In "About Elly," a group of friends travel to the seaside during a holiday weekend. They are all married couples and their children with the exceptions of Ahmad(Shahab Hosseini) who has just returned to Iran from Germany and a divorce and Elly(Taraneh Alidoosti) who is one of the children's teachers. So, there is hope that they will become better acquainted. But sadly there is no hope for them to stay at the house they had wanted to since it had been reserved by a wedding party, so they will have to rough it out in an unfurbished house closer to the sea. "About Elly" teases out a tantalizing mystery. But after that, director Asghar Farhadi does something rather interesting by almost tying the movie into a knot exploring a single procedural point. But considering he has shown a great deal of interest in the Iranian legal system in his other films, I think he is trying to make a point here however subtly through exaggeration about how such minutiae can weigh down everyday life in Iran.
    Walter M Super Reviewer
  • Jun 26, 2014
    Wow. This is a great film. Farhadi kept evolving with every new film he made. He still uses a divorce in the film, but that divorce is transformed into a subtext this time in order to apply his own Antonioni-esque plot in a very similar physical setting: the sea, which vastness hides a bloodcurling amount of incomprehensible secrets. And then again, if we compare both films, we'll realize we are with entirely different universes, and perhaps aren't comparable at all. Truth to be told however, Antonioni's film was a character study of alienation, the disappearance of the character creates a new unspoken attraction between two new leads and becomes a metaphor of the disappearance of the life priorities of oneself's existence, and the affair happens after the disappearance. <i>About Elly</i> is both thematically and psychologically backwards. That is, the "love" affair was planned to happen before the disappearance, and was orchestrated by a group of friends, mainly by a female third party. Moreover, the disappearance turns the lives of everybody upside down, and this psychological analysis fleshes out the characters. Finally, the intention is not to alienate, but to make the tension as realistic as possible. "Tension" is a word I use a lot while writing about Farhadi, because the art of his moviemaking consists exactly in the slow escalation of tension. Whereas he will do this two years later in a way few times attempted before by any moviemaker in <i>A Separation</i> with one of the best opening sequences of the decade, here he achieves this by introducing the whole cast in such a natural way that you feel as a part of the group. You literally play, joke, drink and chat with them. Enough time is spent to set a mood and then drastically change it in the second act. What is very interesting about this mood evolvement is that the plot description already sells the main event: Elly will evaporate from the earth's surface. So the more you get along with the characters' anecdotes, the scarier the idea of somebody disappearing or having an accident becomes. This is proved by the first incident portrayed in the film, which just happens to be unrelated with Elly, but with Arash. The whole situation is so tense, that you start to wonder whether if you'll be able to handle, yes, the <b>tension</b> of the next incident. Farhadi's most important thematic trademarks are present here as well: the power of a lie or lack of communication can bring destruction to everybody involved, little children have to cope with adult problems that they do not understand (suffering in the process), and one single event, suspicion or differing perspectives towards a single problem are the elements used to create verbal, physical and emotional confrontations between the characters that peel their intentions, personalities, fears and impulses as easily as you peel an onion. Bravo to that. 84/100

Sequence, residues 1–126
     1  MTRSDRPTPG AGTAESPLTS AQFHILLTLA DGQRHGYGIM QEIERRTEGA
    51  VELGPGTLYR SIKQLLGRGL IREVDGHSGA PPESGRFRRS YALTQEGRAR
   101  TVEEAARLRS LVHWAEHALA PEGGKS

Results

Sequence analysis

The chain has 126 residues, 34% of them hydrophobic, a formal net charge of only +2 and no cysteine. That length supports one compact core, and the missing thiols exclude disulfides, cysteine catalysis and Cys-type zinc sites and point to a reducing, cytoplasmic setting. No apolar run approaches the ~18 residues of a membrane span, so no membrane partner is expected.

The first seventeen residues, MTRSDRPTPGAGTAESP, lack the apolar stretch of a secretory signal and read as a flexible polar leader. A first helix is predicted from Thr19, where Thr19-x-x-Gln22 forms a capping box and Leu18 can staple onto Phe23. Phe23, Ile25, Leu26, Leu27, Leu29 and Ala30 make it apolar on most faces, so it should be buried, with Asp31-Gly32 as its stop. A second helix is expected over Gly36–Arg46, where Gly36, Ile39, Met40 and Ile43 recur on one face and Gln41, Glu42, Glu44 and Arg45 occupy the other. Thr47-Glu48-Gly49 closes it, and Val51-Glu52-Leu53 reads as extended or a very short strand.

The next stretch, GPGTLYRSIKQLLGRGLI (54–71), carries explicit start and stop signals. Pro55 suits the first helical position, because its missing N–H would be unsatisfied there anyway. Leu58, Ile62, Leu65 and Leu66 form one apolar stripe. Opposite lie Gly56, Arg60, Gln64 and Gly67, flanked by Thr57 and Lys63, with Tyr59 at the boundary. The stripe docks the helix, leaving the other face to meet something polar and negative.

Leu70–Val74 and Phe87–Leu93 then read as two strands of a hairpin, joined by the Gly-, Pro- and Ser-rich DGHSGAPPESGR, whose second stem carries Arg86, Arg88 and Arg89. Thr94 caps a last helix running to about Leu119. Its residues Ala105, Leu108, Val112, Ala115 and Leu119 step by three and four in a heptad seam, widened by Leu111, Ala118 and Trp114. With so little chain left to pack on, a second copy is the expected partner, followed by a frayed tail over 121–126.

Edgar C Super Reviewer